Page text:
46 37.001n 13 04.510w

Fettler's AZAB
Jez Rowles
Tue 8 Aug 2023 16:59

Speed: 4 kts 


Course:  070


Distance to Black Rock, Falmouth Harbour at 5pm BST:  389 miles




Same beautiful blue sky, same deep blue sea and same story on the wind front but a very different mindset today.  I lost the wind completely last night so took down the main which makes the boat a lot more unstable but it’s a good sail and I don’t want it taking more punishment than it needs to.  I also pulled a grib for a wider area so I can see what’s coming and the answer is that “the breeze will build overnight tonight from the south, turning SE and then giving me a proper lashing with 25 kts from the East in the early morning tomorrow” (I plan to be heading North and hanging on by that point). 

I should then get some pretty stiff southerlies (again 20 / 25 kts) which will drop away to a good usable SW breeze to get me up the channel by the weekend . 


That’s what I think is coming anyway. 



It’s been like a millpond at times and I have seen nothing.  I’m guessing (and its nothing but a guess) that the sea birds want to be where there is wind to make their flight more efficient because there are none here and I usually see plenty of shearwaters.




I have treated this as the calm before the storm.  Actually, quite literally since I was awake just before 4 am (and every 30 or 40 minutes between 11pm and 7am but that is surprisingly easy to adjust to )and went into the cockpit to have a look round.  The sea was so smooth and the stars so bright that you couldn’t see where one stopped and the other started – fantastic.  I turned off the boat lights and just sat there for 10 minutes trying to imprint the memory.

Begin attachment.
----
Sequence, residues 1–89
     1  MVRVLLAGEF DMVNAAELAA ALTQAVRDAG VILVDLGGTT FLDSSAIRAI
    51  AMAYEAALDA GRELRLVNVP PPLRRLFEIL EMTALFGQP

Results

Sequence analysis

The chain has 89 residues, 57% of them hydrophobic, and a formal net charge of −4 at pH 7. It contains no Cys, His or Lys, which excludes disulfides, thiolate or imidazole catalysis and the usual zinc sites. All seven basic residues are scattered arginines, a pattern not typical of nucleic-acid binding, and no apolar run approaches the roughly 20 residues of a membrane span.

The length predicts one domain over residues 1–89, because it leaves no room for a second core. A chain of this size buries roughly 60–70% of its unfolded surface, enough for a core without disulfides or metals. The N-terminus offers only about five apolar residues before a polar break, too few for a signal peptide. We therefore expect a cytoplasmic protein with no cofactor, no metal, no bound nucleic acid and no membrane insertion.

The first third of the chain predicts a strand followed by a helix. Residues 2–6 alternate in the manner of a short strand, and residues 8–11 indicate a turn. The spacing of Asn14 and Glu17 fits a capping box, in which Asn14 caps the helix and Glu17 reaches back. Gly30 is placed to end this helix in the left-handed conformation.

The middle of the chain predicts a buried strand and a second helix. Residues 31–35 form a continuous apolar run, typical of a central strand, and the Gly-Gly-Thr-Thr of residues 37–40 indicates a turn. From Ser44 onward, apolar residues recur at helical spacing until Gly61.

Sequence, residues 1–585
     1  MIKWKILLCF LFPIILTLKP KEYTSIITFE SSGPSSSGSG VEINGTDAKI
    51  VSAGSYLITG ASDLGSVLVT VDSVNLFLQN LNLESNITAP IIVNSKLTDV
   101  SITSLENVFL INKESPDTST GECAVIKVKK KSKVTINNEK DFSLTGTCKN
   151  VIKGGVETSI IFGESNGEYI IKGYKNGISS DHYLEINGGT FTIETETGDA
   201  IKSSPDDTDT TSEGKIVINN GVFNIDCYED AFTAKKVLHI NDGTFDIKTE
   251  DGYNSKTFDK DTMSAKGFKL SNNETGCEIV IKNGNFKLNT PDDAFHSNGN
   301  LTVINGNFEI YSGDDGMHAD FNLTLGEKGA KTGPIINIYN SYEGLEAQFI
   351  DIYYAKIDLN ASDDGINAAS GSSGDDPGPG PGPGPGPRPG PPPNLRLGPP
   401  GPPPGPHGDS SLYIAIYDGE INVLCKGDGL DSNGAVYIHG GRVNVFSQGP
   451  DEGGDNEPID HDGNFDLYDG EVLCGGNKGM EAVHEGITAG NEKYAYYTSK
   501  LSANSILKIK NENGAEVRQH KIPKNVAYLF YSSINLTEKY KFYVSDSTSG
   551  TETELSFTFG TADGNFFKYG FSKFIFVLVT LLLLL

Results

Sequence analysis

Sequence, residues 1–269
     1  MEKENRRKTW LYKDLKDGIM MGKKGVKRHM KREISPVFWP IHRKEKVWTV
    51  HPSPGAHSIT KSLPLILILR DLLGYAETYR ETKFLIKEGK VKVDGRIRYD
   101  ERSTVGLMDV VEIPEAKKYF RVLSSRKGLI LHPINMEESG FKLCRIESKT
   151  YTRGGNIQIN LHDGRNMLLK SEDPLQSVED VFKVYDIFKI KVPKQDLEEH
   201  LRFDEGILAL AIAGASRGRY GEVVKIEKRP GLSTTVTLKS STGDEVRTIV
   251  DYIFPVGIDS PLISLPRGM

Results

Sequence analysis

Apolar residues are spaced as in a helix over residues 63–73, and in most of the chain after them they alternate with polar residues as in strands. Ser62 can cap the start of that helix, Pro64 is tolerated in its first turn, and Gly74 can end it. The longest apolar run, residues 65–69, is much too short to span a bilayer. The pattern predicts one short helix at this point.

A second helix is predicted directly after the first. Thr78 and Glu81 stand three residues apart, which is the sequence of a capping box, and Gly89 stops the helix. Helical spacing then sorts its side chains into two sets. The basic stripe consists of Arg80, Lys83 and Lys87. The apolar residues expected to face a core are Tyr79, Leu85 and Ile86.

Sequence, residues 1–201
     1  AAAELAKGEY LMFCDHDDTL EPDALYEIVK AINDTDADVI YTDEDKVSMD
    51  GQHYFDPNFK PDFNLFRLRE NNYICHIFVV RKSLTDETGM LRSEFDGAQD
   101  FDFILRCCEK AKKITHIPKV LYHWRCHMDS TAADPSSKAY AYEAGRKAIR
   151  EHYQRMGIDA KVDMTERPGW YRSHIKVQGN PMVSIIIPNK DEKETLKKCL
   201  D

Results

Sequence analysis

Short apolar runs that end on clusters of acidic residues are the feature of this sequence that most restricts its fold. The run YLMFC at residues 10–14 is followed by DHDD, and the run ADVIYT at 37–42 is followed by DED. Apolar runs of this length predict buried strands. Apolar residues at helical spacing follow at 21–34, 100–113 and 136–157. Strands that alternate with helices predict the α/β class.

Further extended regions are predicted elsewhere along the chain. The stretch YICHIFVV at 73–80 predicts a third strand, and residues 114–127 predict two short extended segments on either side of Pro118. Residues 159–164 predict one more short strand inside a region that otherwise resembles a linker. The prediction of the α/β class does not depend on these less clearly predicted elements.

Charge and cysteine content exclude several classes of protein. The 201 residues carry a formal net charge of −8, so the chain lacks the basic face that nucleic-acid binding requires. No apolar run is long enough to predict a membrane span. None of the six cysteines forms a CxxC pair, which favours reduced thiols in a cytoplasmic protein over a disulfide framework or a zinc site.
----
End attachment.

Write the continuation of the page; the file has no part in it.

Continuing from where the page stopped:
Then I remembered that I’m not a hippy and went back to bed because you never know when the sleep logged will be useful.


I’ve been getting things ready for a blast north when some of the domestics get a little challenging because the boat moves quite violently at times (particularly in a cross wind when the seas hit us side on).  The paraffin tank is full and pressurised for the cooker and I brimmed the diesel tank (Just over 40 litres went in and I have about 5 litres in reserve to get me into a port if I burn the rest, but that seems unlikely now).

I’ve also set up the inner forestay so that I can use the working jib and storm sail when necessary as we wont be doing much tacking to windward in the next few days.  I am really pleased with the roller genoa which was re-cut from an existing hank on by Steve at North Sea Sails in Tollesbury, the cut is brilliant.  That product placement will be wasted on Steve as I think he is still operating in about 1986 and the internet and blogging wont be along for a couple of decades – anyway, he’s done an excellent job. 


I’ve also spoken to Em as I have surplus minutes on the sat phone (I hope !). 




Tim – Thanks for update on weather.

Who knows, I may see that barge again if it’s in Portland now.  That’s one of the potential stopping points if I keep going up the channel.  And well above 26 degrees of heat here today, it’s blistering on deck.


Mum – Glad Tino should live to fight another day.